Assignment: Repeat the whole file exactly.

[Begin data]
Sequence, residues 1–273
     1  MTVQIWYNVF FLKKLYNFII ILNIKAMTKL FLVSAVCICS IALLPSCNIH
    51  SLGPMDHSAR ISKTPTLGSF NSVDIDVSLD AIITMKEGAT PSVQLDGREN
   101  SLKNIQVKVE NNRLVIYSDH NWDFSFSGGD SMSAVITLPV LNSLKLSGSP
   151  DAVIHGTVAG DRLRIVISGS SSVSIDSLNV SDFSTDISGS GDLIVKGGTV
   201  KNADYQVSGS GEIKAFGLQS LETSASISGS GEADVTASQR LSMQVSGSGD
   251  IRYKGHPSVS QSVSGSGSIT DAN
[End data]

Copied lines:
Sequence, residues 1–273
     1  MTVQIWYNVF FLKKLYNFII ILNIKAMTKL FLVSAVCICS IALLPSCNIH
    51  SLGPMDHSAR ISKTPTLGSF NSVDIDVSLD AIITMKEGAT PSVQLDGREN
   101  SLKNIQVKVE NNRLVIYSDH NWDFSFSGGD SMSAVITLPV LNSLKLSGSP
   151  DAVIHGTVAG DRLRIVISGS SSVSIDSLNV SDFSTDISGS GDLIVKGGTV
   201  KNADYQVSGS GEIKAFGLQS LETSASISGS GEADVTASQR LSMQVSGSGD
   251  IRYKGHPSVS QSVSGSGSIT DAN